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MSNBC host agrees with suggestion that Uvalde police were motivated by race to delay their response
Theo Wargo/Getty Images Ms. Foundation for Women

MSNBC host agrees with suggestion that Uvalde police were motivated by race to delay their response

MSNBC host Joy Reid affirmed this week the horrendous suggestion that race played a role in the apparently botched law enforcement response to the Uvalde mass killing.

What happened?

While speaking with María Teresa Kumar, president and CEO of Voto Latino, about the upcoming election, Reid said that Hispanic voters should take into consideration where they live, citing Uvalde and the police response.

"[It] doesn’t take eleven minutes for the police to respond to an active shooter call. That was the first thing that got my spidey senses going. Because in wealthy communities, it don't take eleven minutes. You got your sirens on. You're motoring down— and it took that long to even respond at all? That got me very concerned," Reid said.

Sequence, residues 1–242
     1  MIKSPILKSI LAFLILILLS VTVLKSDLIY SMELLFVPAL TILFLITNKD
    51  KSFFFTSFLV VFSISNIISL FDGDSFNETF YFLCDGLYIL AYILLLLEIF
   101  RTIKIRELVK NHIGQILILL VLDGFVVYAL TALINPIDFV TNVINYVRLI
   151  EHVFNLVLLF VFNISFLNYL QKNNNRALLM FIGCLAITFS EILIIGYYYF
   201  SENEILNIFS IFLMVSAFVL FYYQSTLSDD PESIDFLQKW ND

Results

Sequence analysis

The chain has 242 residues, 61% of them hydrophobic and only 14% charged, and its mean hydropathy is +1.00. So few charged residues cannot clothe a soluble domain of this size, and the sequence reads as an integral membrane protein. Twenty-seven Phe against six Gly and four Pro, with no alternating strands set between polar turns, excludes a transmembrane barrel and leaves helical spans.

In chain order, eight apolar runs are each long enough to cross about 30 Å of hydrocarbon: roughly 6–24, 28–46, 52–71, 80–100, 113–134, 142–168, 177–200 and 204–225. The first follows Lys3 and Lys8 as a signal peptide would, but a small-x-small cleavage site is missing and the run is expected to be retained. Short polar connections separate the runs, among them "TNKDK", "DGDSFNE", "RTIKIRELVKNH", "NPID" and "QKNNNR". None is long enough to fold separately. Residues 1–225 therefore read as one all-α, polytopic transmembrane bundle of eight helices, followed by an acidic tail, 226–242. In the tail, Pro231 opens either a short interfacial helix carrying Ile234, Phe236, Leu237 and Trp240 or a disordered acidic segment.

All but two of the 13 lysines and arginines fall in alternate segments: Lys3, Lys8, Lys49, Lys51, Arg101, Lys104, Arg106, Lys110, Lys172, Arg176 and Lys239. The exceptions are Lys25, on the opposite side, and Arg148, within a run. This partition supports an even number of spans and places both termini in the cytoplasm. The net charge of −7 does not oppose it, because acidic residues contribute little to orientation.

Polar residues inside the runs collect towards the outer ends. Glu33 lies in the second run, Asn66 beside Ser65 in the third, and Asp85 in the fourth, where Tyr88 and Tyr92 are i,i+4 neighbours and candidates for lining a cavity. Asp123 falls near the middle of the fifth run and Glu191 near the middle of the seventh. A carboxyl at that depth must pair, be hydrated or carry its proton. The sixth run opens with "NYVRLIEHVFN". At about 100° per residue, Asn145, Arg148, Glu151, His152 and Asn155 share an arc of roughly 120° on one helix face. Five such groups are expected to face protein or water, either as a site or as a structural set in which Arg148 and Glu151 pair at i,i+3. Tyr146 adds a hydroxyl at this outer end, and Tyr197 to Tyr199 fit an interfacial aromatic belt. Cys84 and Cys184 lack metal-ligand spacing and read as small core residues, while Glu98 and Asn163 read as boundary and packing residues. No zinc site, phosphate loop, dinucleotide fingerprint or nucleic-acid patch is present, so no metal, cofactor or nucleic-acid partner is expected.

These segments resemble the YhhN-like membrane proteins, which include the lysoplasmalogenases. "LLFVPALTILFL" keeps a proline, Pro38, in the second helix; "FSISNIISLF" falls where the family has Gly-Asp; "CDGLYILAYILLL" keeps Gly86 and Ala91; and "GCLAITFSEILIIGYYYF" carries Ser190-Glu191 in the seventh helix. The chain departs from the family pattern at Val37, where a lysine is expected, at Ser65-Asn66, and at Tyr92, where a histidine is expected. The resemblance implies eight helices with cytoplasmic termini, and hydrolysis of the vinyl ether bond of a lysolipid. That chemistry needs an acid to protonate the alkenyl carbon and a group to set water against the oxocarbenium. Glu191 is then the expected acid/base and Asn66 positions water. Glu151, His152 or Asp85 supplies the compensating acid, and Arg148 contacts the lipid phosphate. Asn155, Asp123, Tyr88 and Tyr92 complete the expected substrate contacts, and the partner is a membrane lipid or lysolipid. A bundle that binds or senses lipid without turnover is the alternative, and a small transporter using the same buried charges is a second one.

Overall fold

Kumar agreed with Reid, and she claimed a Texas state senator voiced the same concern to her. Kumar did not identity that politician.

"I had a conversation with a state senator there, and basically what you're echoing was what he shared with me," Kumar claimed. "That if that had been a different part of town it wouldn't have taken so long and there wouldn’t have been such a long response rate.

"One likes to feel that is not happening, but sadly when you start looking at the statistics, when you start looking at the response rate, the utter failure of that police department, you do have to start— take a step back and question what did race play into it," she added.

"Yeah," Reid affirmed.

What is the truth?

Police confirmed last week that officers staged outside the classroom where the Uvalde gunman was because the incident commander — Pete Arredondo, police chief of the Uvalde school district — believed the gunman had barricaded himself inside the classroom and that no more lives were at risk.

"With the benefit of hindsight, from where I'm sitting now, of course it was not the right decision. It was the wrong decision, period," said Steve McCraw, director of the Texas DPS. "Clearly, there were kids in the room. Clearly, they were at risk."

There is, in fact, zero evidence to show that police in a majority-Hispanic community were motivated by race to delay their response to an active shooter at a school where many of their own children attend.

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